Families seek LODD designation in Capitol police suicides

Family members believe Officers Jeffrey Smith and Howard Liebengood would still be alive if they had stayed home on Jan. 6


By Suzie Ziegler 

WASHINGTON — The families of two police officers who died by suicide in the weeks after the Jan. 6 Capitol attack are seeking “line of duty” recognition for the officers’ deaths, according to The Hill

Family members believe Officer Jeffrey Smith and Howard Liebengood would still be alive if they hadn’t responded to the siege at the Capitol, according to The Washington Post. Because of that, they feel Smith and Liebengood deserve line of duty recognition. 

“But for his service to the country, they believe he would be alive today,” Liebengood family attorney Barry Pollack told The Post. 

A spokesperson for Sen. Tim Kaine (D-VA) told The Hill that Kaine “believes these are line of duty deaths.” Both officers lived in Virginia. 

According to The Hill, most duty deaths do not include suicides because suicide can’t be attributed to one incident. But Jeffrey Smith’s wife, Erin, said her husband wasn’t the same after the riot and he had no history of depression. 

“He wasn’t the same Jeff that left on the sixth. ... I just tried to comfort him and let him know that I loved him,” Smith told The Post. “If he didn’t go to work that day he would still be alive.”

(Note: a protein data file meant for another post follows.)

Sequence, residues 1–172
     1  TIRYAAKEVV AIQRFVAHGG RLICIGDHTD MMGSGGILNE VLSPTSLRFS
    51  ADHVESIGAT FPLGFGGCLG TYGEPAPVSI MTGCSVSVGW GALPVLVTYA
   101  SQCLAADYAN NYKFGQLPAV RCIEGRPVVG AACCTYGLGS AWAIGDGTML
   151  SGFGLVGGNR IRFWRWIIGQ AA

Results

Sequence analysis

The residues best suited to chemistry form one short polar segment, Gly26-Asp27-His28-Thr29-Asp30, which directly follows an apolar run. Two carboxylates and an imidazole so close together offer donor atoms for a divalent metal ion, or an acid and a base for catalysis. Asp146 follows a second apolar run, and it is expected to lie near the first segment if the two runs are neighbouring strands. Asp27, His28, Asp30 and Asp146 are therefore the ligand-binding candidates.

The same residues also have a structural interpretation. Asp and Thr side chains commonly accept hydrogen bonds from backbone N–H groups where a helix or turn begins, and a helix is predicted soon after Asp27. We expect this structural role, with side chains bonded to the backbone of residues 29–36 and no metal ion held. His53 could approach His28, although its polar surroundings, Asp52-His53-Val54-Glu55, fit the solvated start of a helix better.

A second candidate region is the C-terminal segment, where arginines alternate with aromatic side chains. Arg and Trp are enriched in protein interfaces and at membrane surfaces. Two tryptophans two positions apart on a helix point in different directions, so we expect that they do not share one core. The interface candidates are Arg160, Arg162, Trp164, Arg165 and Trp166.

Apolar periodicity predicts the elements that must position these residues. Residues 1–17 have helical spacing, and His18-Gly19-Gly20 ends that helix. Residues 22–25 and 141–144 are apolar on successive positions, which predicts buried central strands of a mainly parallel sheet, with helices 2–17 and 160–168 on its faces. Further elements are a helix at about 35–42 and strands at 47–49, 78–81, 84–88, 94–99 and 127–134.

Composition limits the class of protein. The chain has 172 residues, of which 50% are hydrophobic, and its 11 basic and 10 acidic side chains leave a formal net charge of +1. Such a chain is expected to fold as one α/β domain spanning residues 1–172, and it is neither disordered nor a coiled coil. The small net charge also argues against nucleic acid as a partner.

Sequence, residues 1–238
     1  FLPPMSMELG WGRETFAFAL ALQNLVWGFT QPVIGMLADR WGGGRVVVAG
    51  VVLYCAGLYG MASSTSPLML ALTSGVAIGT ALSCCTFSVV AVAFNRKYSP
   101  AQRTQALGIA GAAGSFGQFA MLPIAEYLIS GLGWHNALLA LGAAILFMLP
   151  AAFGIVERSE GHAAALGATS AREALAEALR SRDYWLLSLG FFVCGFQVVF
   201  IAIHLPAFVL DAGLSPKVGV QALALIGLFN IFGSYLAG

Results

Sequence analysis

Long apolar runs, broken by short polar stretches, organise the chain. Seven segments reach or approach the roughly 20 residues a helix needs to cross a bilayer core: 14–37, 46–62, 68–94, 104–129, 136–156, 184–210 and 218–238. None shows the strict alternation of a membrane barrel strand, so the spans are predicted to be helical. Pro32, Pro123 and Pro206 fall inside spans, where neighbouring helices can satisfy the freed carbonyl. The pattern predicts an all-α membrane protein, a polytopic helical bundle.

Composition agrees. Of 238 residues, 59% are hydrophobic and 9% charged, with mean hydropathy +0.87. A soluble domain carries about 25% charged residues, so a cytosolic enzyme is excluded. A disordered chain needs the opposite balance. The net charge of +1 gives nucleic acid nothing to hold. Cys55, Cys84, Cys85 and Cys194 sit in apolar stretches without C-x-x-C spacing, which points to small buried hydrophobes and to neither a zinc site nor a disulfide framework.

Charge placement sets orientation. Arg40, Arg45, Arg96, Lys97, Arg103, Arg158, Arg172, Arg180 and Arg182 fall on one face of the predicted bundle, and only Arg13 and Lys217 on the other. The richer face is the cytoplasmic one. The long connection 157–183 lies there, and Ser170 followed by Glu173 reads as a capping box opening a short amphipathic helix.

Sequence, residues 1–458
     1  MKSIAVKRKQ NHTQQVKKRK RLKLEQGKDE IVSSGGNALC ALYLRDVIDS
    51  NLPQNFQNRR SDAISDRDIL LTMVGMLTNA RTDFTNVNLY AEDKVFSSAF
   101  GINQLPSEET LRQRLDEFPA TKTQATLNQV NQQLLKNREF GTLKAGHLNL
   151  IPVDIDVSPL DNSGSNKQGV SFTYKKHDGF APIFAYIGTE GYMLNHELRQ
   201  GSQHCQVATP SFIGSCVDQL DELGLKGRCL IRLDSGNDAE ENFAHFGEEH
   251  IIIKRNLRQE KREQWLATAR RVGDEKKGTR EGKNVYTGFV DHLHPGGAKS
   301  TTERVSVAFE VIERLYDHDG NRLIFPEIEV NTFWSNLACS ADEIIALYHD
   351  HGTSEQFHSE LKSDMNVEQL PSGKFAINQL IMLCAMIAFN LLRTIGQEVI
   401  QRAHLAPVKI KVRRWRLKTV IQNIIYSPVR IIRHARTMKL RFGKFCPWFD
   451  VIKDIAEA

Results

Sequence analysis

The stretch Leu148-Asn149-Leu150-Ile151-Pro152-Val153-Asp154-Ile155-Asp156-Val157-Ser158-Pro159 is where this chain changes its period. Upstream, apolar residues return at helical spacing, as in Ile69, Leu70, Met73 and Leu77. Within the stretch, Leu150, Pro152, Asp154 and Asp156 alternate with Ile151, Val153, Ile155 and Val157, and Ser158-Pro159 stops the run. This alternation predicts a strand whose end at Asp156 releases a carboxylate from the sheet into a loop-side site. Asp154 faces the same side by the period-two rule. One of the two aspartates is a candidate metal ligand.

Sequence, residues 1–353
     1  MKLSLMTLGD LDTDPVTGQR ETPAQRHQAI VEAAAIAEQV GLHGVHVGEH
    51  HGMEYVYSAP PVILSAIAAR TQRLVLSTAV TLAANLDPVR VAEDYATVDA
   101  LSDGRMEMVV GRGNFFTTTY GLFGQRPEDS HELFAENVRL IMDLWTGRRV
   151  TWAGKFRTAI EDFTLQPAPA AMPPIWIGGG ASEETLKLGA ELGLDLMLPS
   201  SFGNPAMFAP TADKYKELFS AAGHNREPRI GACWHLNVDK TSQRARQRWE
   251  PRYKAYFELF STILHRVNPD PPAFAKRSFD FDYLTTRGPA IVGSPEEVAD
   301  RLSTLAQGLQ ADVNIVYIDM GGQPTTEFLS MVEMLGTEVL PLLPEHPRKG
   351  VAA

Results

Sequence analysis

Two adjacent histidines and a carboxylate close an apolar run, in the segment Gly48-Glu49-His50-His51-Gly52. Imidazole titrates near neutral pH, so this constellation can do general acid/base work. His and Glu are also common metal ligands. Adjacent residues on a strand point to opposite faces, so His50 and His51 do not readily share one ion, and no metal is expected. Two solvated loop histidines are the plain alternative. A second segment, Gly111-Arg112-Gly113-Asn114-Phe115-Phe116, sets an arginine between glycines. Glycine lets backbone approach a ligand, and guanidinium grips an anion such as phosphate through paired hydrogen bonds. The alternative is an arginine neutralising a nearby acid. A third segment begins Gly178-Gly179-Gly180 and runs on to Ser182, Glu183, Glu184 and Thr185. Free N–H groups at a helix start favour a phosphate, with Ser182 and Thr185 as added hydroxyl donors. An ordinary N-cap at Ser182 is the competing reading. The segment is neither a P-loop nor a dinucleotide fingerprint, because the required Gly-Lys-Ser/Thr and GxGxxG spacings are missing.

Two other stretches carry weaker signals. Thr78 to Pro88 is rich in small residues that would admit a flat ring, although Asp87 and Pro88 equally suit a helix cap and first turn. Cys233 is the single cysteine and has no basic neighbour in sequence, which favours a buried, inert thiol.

Howard Liebengood’s wife, Serena, also spoke out in support of a line-of-duty recognition. 

“I cannot imagine the trauma Howie and his colleagues faced on January 6th or the pain they have endured afterwards,” Liebengood told The Post. “In Howie’s case, it cost him his life. His service, sacrifice and memory should be honored with official recognition that he died in the line of duty.” 

But getting duty death classifications for Smith and Liebengood could be difficult. 

According to The Post, D.C. law says a duty death must be “the sole and direct” result of an on-duty injury and one not caused by an “intention to bring about his own death.” 

The chairman of the D.C. police union, Greggory Pemberton, told The Post that he would support an investigation into the reasoning behind Smith’s suicide. However, Pemberton said a duty death designation for Smith at this time would be “premature.” The head of the union for Capitol Police did not respond to questions about Liebengood, according to The Post.

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